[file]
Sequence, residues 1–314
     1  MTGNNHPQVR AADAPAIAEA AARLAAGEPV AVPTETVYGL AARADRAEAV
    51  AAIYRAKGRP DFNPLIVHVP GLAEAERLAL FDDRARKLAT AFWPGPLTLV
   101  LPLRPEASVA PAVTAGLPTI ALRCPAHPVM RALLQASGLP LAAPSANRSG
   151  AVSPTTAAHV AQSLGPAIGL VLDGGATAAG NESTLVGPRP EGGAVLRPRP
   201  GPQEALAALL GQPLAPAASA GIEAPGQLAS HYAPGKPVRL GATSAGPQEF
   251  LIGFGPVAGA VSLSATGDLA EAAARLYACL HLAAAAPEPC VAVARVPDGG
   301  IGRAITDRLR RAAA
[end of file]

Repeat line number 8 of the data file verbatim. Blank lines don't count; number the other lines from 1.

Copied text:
   301  IGRAITDRLR RAAA